GUATEMALA CITY, November 11 (Sputnik) – Latin American migrants are being deported from the United States to face drug-gang violence and other dangers in their home countries, experts told Sputnik.
"Migration authorities in Central America, Mexico and the United States are too focused on border security at the expense of human security," academic field researcher Elizabeth Kennedy said.
Kennedy, an El Salvador-based researcher, has written reports for the American Immigration Council and other watchdogs. She believes it is one thing to turn around those who migrate in search of work – and quite another to deny refuge to people in grave peril.
"For those who flee for their lives, who have been threatened, beaten, extorted or harmed, they should be eligible for international protection and should certainly not be returned to their country of origin without proper screening of the violence they have endured and the risks they would face if returned," she stressed.
Former UN employee of the UN children's agency UNICEF and immigration expert, Miguel Ugalde, agreed that US migration policy so far has been putting lives of thousands of Latino people in danger.
"The current policy is sending thousands of immigrants to the so-called 'coyote' people smugglers every year," Ugalde told Sputnik, adding the current policies were plain ridiculous.
Ugalde says the only way to tackle coyotes is to increase the numbers of visas.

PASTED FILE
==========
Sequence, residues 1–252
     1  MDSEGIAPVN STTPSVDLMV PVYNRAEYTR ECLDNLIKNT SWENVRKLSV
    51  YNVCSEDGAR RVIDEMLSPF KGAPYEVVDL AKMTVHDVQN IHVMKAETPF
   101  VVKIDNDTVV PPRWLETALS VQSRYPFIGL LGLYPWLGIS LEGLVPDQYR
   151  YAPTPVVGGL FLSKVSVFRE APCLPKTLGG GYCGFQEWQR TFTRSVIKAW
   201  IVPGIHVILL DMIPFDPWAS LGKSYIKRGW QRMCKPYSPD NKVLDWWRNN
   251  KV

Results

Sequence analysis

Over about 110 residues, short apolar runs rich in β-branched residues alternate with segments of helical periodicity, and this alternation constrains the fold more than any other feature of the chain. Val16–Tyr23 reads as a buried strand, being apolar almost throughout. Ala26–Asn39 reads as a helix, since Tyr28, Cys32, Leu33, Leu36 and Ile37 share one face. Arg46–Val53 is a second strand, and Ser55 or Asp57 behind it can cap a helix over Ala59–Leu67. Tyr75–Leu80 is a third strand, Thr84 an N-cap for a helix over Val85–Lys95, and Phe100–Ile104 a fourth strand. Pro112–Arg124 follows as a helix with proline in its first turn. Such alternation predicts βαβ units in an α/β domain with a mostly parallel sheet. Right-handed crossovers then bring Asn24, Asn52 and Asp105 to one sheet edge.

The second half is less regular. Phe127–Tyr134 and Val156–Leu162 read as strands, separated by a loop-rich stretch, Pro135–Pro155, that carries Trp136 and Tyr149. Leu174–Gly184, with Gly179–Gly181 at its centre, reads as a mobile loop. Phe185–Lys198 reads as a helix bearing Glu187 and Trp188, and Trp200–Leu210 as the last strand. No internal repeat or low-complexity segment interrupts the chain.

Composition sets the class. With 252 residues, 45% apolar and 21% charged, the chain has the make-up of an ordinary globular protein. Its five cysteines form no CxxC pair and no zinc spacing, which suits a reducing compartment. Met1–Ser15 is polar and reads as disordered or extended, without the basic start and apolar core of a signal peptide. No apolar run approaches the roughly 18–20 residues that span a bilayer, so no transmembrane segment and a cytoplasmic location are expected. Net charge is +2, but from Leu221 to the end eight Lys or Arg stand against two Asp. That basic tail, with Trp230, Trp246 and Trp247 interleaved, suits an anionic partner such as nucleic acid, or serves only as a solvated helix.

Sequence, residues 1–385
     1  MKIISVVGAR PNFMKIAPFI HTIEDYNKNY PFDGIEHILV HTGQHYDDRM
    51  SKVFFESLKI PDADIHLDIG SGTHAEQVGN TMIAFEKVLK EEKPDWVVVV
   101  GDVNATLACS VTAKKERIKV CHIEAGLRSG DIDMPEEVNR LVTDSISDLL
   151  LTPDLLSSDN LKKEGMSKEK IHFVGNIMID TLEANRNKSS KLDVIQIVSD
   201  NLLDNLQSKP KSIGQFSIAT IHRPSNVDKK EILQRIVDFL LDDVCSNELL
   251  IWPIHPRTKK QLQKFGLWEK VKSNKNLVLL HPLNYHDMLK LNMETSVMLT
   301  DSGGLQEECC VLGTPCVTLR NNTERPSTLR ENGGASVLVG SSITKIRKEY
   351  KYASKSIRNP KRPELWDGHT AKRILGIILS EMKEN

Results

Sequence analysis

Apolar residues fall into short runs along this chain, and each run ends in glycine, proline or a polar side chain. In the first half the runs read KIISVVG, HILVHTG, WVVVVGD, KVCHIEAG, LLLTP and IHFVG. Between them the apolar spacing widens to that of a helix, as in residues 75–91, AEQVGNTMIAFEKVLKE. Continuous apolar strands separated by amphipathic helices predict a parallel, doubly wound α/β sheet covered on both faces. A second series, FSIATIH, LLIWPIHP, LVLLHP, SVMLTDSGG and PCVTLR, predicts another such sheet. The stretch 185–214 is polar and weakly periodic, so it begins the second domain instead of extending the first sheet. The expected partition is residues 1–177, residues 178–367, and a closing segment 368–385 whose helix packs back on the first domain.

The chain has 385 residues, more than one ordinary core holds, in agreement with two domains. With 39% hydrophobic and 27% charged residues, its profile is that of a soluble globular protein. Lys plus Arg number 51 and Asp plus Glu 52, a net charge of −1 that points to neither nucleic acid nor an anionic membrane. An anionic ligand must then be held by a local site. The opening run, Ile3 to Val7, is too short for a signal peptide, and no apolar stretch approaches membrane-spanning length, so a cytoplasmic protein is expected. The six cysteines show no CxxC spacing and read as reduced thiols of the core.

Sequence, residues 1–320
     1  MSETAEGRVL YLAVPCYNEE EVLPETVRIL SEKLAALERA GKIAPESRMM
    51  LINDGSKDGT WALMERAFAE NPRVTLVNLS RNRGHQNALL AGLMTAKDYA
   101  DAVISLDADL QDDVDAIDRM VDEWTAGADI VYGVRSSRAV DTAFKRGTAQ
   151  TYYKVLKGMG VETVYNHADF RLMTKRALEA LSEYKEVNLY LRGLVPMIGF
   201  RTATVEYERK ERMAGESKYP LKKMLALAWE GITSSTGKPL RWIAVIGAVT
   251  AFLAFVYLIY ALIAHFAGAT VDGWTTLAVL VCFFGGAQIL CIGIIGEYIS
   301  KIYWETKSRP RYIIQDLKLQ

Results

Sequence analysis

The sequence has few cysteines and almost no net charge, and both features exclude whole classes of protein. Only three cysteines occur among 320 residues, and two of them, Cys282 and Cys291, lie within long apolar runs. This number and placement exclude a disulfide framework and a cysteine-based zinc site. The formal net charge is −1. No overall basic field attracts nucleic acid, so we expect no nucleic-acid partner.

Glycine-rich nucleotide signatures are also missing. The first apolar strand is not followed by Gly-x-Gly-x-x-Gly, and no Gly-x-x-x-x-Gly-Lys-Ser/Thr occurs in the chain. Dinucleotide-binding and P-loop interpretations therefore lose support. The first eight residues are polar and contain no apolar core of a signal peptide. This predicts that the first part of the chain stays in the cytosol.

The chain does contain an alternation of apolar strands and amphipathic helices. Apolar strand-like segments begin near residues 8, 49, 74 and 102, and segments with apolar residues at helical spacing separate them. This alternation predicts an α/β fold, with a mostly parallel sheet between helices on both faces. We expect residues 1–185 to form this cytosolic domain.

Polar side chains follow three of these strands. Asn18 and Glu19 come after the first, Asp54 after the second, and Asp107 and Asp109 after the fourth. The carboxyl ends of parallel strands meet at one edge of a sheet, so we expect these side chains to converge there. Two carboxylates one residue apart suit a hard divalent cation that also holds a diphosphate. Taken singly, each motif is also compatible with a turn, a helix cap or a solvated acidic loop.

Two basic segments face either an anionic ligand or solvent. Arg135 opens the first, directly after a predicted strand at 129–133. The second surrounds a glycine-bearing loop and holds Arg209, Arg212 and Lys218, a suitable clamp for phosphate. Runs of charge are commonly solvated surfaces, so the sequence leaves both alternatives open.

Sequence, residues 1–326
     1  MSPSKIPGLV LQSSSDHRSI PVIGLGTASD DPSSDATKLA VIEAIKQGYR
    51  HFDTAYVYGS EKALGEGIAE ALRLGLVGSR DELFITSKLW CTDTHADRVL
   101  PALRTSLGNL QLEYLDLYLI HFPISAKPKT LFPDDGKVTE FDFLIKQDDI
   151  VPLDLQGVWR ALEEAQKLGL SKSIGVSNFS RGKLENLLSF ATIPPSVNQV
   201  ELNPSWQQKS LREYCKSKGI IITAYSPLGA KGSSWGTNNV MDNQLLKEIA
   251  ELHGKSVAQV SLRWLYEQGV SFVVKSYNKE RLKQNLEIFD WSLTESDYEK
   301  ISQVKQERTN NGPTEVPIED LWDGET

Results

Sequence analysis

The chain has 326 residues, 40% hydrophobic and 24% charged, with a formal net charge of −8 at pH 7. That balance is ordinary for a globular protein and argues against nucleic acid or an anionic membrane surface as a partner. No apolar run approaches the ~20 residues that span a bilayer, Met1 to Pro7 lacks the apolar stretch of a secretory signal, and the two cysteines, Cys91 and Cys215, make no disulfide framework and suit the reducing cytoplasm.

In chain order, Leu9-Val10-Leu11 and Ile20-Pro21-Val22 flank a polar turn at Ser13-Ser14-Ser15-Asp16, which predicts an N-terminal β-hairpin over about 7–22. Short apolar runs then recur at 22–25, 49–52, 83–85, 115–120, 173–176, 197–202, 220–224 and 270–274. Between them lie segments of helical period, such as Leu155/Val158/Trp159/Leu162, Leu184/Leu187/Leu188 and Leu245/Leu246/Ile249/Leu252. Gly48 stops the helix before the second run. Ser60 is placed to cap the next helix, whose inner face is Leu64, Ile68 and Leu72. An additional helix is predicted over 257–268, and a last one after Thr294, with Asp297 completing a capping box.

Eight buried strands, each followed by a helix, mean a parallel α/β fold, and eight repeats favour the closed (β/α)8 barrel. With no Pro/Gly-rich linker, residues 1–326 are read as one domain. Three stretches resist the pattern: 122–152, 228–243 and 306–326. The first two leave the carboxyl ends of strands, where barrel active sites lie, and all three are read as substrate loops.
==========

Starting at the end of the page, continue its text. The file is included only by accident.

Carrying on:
"The best solution to illegal immigration is to increase the number of visas that US embassies give out. Supply of US visas far outstrips the demands of workers in Central American and of the farms and other businesses in the US that like to take advantage of cheap labor," he said.
Rights groups say many immigrants – including children – are fleeing from drug-gangs and other dangers and are deported without getting the chance to seek asylum. Other critics say that mass deportations cause emotional upheaval and family break-ups.
US President Barack Obama has promised to reform what he calls a "broken" immigration system and is expected to offer temporary deportation relief to some of the estimated 11.3 million immigrants who live in America without papers.
But Republicans warn against changing immigration rules, saying reforms should not reward people who have entered the US illegally. Others say a soft touch will encourage more desperate Latin Americans to risk the journey north, with its dangers of rapes and kidnappings by criminal gangs.
The United States is now "extending" its southern border southward into Mexico and Central America in order to halt the perpetual flow of Latin American immigrants, Ugalde said. But he stressed this "exodus" cannot be halted by walls alone.
The United States spends $18 billion each year on drones, guard posts and other forms of border security as well as funding Mexico and Central America to halt a seemingly endless flow of migrants headed to the US looking for jobs and to join relatives.
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